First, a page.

As cases of COVID-19 at the University are spiking, quarantine housing is at more than 50% capacity and a recent stay-at-home order was implemented by the county, freshmen living in dorms continue to adjust to college life during a public health crisis.

Cases have been increasing in almost every residence hall across the University. At Mary Markley Residence Hall, a spike in cases prompted the University to require the entire dorm to be tested, but this didn’t slow the outbreak.

“I think the crazy part was that with the pop up test in Markley, there was actually a majority of people who didn’t get tested, which is why I think cases are still going up,” LSA freshman Chloe Jeanmonod, a resident of Markley, said. “So now they’re fully making it mandatory and if those people don’t get tested within the next five days, their housing contract will be terminated.”

Markley is on lockdown in an attempt to contain the outbreak. Students are “expected to follow enhanced social distancing for the next 14 days” and instructed to “only leave your room when necessary to obtain food, use the bathroom, or in the case of emergency,” according to a notice sent out by the Department of Environment, Health & Safety on Oct. 17. 

Some students said they feel these enhanced restrictions are not going to make a difference. Engineering freshman Sam Sugarman, who lives at Markley, feels that there is no practical or realistic way to enforce these guidelines. 

“Why can’t students just say, ‘oh, I’m going to get food at Mojo’ and not stay out for the night and come back?” Sugarman said. “There’s just no way to enforce a thousand kids when there’s like 70 entrances. I don’t think the guidelines are being followed. Everyone’s going over to each other’s rooms.”

Sugarman said he feels unsafe living in Markley.

“I know I can control where or when I’m going somewhere and if I wear my mask, but at the same time, I know when people go to the bathrooms they can’t wear their mask when they shave or brush their teeth,” Sugarman said. “Everyone’s sharing the same bathroom and no one’s going to wear a mask when they’re showering. It can still be spread in a variety of ways —even with the enhanced guidelines.”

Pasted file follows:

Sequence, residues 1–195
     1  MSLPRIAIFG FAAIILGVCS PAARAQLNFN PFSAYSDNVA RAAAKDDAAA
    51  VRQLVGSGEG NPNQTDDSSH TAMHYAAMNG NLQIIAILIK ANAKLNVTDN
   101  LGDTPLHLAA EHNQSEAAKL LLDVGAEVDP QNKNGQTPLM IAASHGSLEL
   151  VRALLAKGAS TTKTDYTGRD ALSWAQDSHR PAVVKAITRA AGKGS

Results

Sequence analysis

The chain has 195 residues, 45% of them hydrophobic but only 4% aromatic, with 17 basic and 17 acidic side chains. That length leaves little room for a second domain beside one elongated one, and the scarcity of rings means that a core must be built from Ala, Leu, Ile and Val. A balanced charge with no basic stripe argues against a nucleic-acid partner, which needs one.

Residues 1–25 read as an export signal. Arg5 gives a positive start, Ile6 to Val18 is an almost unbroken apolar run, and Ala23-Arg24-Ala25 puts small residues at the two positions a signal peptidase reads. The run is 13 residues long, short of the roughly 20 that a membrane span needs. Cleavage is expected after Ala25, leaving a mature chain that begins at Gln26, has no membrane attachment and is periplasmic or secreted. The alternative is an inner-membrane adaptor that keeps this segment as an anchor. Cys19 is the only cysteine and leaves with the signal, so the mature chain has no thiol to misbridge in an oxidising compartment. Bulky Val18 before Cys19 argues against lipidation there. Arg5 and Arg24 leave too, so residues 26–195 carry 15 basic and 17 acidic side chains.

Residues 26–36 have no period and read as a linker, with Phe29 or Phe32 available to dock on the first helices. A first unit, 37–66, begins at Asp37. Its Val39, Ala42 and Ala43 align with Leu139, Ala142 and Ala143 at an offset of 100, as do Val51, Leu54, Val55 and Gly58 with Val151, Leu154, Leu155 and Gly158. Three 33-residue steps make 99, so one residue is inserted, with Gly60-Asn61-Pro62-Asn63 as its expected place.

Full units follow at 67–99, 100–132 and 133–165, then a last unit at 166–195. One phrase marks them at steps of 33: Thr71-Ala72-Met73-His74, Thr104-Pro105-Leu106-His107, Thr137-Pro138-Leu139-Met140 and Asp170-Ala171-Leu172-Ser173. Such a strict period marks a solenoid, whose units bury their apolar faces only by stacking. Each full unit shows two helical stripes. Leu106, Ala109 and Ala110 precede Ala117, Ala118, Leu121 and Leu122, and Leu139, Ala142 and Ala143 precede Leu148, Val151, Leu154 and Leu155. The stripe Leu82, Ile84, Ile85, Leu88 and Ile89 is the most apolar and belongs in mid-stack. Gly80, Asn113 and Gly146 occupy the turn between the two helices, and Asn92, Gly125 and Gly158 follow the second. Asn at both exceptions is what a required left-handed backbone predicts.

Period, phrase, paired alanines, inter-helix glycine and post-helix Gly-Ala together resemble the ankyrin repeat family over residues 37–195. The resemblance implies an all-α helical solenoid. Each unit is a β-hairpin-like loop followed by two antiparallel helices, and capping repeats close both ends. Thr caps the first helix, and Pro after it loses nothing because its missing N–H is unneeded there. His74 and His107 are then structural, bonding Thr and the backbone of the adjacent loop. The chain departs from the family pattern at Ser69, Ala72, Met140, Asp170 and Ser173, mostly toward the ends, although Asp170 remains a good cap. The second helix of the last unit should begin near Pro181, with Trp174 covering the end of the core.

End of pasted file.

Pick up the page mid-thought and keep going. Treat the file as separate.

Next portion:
Nearly all dorms have reported cases of COVID-19. LSA freshman Ripley Block Newman lives in South Quad and said people don’t have to hide their bad behavior to get away with it.

“I know a lot of people on my floor have been going to frats, just through seeing it on social media and stuff,” Block Newman said. “I think at the beginning people kind of tried to hide it because they didn’t know if they’d be shamed for disobeying the rules. I think people got lazy and no one really cares anymore.” 

LSA freshman Eliana Kraut said she’s observing similar behavior in South Quad. 

“I’m witnessing a lot of people still going out and eating or drinking wherever they would like,” Kraut said. “Some people are being a little less cautious about going into other people’s rooms.” 

Many freshmen said that after losing the end of their senior years to the pandemic, they hoped college would be a time to socialize even if it came into conflict with public health guidelines.

LSA freshman Skyler Edinburg lives in West Quad and said she knows that people are going to parties. She said it can be difficult to meet people without sacrificing some precautions.